Serhiy Zhadan, poet, novelist, and frontman of the band Zhadan i Sobaky: “In my subjective opinion, we now have a fundamentally different sense of history and ourselves. Let’s use a metaphor to compare Ukrainian society with Russian society, then Ukrainian society is a young punk band that is going to gather stadiums. And we will definitely do this. For us, everything just has started, there is a huge reserve of strength, energy, and most importantly, there is an understanding of strategy and where to go. The Russians are a jaded, slightly elderly cabaret singer, who has lost his audience and popularity but tries to create an illusion of success and glamour…Soviet and post-Soviet paternalism survives and washes out quite intensively in our country, and in Russia, it is a certain national philosophy that governs many processes. We had a big disagreement, and it happened not nine years ago on the Maidan. It has been happening for the past 30 years. The experience of statehood is much more important for Ukrainians than for Russians.”

Timothy Snyder. Yalta European Strategy. Photographs provided by the Victor Pinchuk Foundation. Photographer: Serhiy Illin

Timothy Snyder, Yale University historian and professor: “If we look at the motivation, language, and rhetoric of Russian propagandists and their soldiers, we will see a kind of competition in hopelessness. That is, we are done, and the only thing that matters is force… This is not a war in which the aggressor has some vision, some outline of the future. Rather, on the contrary, for them everything is black, formless, and the only thing that matters is force. Russians cannot tolerate that there may be any alternative to their vision, that people may have a different idea of what is better.”

Volodymyr Zelenskyy. Yalta European Strategy. Photographs provided by the Victor Pinchuk Foundation. Photographer: Serhiy Illin

Volodymyr Zelenskyy, president of Ukraine: “We are defending ourselves, among other things, because the vast moral space of the world has united and is helping to defend Ukraine. Ukraine and thus a reflection of our own values. And Putin is attacking not only Ukraine, but also this moral space, which is ultimately capable of bringing to justice any terrorists and murderers, any aggressors. It is capable when it is morally mobilized… Human morality must win this war. And this is not only a matter for Ukraine as a state, it is a matter for Ukraine as all of us. Everyone in the world who values freedom, who values human life, who believes that people must win. And our success, the specific success of Ukraine, depends not only on us, on Ukrainians, but also on the extent to which the entire vast moral space of the world wants to preserve itself. On the extent to which the world remains morally mobilized.”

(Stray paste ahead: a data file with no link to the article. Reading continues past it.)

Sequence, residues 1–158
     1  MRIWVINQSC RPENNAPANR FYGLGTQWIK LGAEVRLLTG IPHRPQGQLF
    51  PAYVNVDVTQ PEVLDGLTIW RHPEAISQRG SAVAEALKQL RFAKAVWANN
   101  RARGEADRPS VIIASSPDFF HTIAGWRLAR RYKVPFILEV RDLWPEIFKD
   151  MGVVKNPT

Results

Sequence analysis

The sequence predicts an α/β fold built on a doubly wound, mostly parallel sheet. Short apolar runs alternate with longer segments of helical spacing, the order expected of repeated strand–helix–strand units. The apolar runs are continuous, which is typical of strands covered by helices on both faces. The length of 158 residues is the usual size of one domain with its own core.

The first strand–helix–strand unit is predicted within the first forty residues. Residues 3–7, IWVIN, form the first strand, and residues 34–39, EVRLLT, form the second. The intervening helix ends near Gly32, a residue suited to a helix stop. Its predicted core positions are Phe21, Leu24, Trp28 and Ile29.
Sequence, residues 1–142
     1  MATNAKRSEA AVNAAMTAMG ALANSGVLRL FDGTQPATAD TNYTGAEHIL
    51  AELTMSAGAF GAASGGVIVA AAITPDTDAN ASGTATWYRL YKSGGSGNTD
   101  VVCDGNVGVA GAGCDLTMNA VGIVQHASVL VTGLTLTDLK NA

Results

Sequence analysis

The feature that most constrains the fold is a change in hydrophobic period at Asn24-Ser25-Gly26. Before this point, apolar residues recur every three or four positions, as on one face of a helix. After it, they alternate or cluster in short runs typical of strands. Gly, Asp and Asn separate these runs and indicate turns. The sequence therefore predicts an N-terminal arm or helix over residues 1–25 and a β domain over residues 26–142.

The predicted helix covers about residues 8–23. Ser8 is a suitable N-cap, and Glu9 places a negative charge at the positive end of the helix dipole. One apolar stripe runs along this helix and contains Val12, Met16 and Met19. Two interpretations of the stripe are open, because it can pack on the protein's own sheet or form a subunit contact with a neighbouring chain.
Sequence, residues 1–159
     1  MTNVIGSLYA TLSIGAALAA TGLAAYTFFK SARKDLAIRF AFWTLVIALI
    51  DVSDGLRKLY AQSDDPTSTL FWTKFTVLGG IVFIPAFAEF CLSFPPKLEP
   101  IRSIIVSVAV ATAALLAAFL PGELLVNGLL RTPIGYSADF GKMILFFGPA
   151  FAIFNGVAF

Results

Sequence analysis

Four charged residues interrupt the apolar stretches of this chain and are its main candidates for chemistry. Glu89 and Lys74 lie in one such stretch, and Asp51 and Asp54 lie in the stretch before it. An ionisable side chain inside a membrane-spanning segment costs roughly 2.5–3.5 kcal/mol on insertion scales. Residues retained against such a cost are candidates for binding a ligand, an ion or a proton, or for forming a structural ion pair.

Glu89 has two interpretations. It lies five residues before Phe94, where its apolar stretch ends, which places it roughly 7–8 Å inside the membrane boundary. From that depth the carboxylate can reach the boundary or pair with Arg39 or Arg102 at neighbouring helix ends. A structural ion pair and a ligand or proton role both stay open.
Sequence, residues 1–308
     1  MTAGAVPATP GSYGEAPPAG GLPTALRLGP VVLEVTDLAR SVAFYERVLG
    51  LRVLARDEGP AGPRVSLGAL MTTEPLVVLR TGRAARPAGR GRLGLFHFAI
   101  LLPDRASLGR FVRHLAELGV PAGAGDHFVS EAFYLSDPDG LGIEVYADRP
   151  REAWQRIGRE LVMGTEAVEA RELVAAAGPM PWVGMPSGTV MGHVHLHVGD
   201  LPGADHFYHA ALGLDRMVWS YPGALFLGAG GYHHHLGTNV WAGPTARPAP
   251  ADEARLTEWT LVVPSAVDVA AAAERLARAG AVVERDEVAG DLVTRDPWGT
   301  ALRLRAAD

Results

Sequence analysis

Ukrainian soldiers’ perspective

Masi Nayem, founder of Miller law firm, serviceman of the Armed Forces of Ukraine: “I definitely want revenge. I want to take revenge in the most horrible way, which is only allowed by international conventions. Why do I want this? I wanted this so I would never be ashamed of myself in front of those people Russia took from us. I want my friends who have not yet been mobilized to never be mobilized. I am fighting so that most people in this country stay alive and are able to live on…Every person wounded is wounded for the rest of their life. Anyone who has died will never say anything again. Unfortunately, there is too much pathos, romance, and beautiful stories around the war”

Denis Zayikov, assistant chief of S-2 section, 25th separate airborne brigade of Ukraine’s forces: “We must achieve our goal: free Ukraine. We have to preserve our land, our families, and our children. I don’t want my children and the children of everyone present here to see what my eyes and the eyes of those heroic people next to me have seen.”

Alina Mykhaylova. Yalta European Strategy. Photographs provided by the Victor Pinchuk Foundation. Photographer: Serhiy Illin

Alina Mykhailova, officer of the Armed Forces of Ukraine, member of the Kyiv City Council, and public activist: “We are suffering losses. There’s nothing romantic in this. I have been at war for five years. For the first time in these years, I was ready to give everything to my unit on the Kupiansk front. For the first time in my life, I was willing to talk to anyone to give my battalion a chance to live. What is happening on the front today, you won’t read about it on the internet.”

Dmytro Finashin, senior sergeant of the National Guard, Hero of Ukraine: “We need to get our victory. Our best people are dying, those who should shape the future of Ukraine. That is why it is necessary to reduce our losses. The world must help us, because we are fighting for global democracy.”

Yehor Firsov. Yalta European Strategy. Photographs provided by the Victor Pinchuk Foundation. Photographer: Serhiy Illin

Yehor Firsov, junior sergeant, combat medic of the 109th brigade of Ukraine’s forces: “We are fighting for our right to be happy. We have been unhappy for so long. Now they are destroying everything which is dear to us, our freedom. If we don’t have freedom, we will never be happy.”